Identifier

etd-04122004-144735

Degree

Master of Arts (MA)

Department

Comparative Literature (Interdepartmental Program)

Document Type

Thesis

Abstract

The surrogation of Caliban from Shakespeare’s The Tempest to Césaire’s A Tempest has always been related to colonialism. In Shakespeare’s time, Caliban, depicted as half animal, served to represent the Other in an emerging colonial discourse. As opposed to Shakespeare’s character, Césaire’s Caliban is blatantly black and racially oppressed. Césaire indicates that A Tempest is an adaptation of Shakespeare’s The Tempest for black theater. As an adaptation, the play reinterprets the figure of Caliban to express postcolonial attitudes of the time. This thesis addresses the questions of how the figure of Caliban in Shakespeare’s play fits into the discourse of colonialism and how the figure of the black Caliban in Césaire’s play reinterprets Caliban in a postcolonial context. To answer the questions, this thesis employs postcolonial theory as advanced by, among others, Aimé Césaire, Leopold Senghor, Frantz Fanon and Homi Bhabha. The discussion indicates that each figuration of Caliban, both on stage and in critical theory, always functions as a surrogate for another reinterpretation of the figure within a given political context. Césaire’s Caliban, as a refiguring of Shakespeare’s Caliban, however, also invites another surrogation, one that relates to the later wave of postcolonial theory emphasizing hybridity, which views Caliban as one who blends borders and identities in a hybrid formation.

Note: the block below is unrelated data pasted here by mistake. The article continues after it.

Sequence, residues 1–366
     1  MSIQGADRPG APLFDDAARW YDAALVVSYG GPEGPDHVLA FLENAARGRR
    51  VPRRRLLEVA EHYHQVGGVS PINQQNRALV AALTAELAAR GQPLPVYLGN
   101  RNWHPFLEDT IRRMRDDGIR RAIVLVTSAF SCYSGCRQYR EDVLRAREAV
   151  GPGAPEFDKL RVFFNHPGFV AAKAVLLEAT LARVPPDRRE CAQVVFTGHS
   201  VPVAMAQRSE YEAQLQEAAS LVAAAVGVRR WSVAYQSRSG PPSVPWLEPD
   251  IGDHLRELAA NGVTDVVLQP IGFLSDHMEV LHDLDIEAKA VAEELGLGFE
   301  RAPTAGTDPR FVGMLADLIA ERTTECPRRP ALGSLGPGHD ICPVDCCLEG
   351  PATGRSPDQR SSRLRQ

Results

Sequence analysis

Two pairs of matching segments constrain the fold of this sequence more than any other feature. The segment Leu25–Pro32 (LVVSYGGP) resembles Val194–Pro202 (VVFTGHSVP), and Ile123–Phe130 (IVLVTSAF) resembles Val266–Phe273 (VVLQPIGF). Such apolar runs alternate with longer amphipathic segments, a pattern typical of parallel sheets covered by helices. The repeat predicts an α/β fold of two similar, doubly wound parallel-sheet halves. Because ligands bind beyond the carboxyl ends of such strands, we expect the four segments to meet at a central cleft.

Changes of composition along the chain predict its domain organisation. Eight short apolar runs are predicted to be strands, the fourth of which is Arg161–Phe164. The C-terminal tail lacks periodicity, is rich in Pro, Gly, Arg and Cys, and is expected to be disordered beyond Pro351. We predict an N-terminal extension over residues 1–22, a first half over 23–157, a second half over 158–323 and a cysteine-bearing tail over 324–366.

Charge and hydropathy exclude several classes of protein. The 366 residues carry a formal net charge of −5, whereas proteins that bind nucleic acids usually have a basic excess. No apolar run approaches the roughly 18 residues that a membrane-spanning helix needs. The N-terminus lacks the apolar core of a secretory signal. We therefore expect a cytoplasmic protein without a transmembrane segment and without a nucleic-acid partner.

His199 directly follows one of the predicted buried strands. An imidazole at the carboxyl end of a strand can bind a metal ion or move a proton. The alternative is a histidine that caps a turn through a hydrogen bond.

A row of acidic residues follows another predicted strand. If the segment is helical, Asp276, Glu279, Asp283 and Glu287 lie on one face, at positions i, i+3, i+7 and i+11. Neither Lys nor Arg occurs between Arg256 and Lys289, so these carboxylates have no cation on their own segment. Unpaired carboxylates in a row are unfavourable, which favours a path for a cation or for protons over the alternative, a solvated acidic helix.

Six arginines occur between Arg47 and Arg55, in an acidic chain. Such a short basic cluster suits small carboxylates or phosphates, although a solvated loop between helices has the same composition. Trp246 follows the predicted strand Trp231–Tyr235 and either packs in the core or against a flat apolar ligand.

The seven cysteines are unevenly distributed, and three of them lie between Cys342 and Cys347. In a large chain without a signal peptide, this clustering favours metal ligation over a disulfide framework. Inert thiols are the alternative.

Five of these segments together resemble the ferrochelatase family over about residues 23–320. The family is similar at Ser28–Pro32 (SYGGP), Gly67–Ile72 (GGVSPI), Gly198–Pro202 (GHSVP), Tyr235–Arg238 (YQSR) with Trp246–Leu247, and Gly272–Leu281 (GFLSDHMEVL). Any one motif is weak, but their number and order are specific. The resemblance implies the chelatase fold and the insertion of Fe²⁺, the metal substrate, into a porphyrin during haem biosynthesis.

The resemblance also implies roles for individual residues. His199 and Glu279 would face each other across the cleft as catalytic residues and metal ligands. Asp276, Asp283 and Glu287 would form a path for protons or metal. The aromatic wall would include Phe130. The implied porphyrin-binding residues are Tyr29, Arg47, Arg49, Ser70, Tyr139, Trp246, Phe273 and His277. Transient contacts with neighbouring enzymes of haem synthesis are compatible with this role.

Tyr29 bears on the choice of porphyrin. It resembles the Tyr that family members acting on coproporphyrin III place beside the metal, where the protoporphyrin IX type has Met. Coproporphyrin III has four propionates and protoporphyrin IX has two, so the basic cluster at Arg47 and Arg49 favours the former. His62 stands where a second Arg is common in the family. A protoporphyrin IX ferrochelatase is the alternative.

Date

2004

Document Availability at the Time of Submission

Release the entire work immediately for access worldwide.

Committee Chair

Leslie A. Wade

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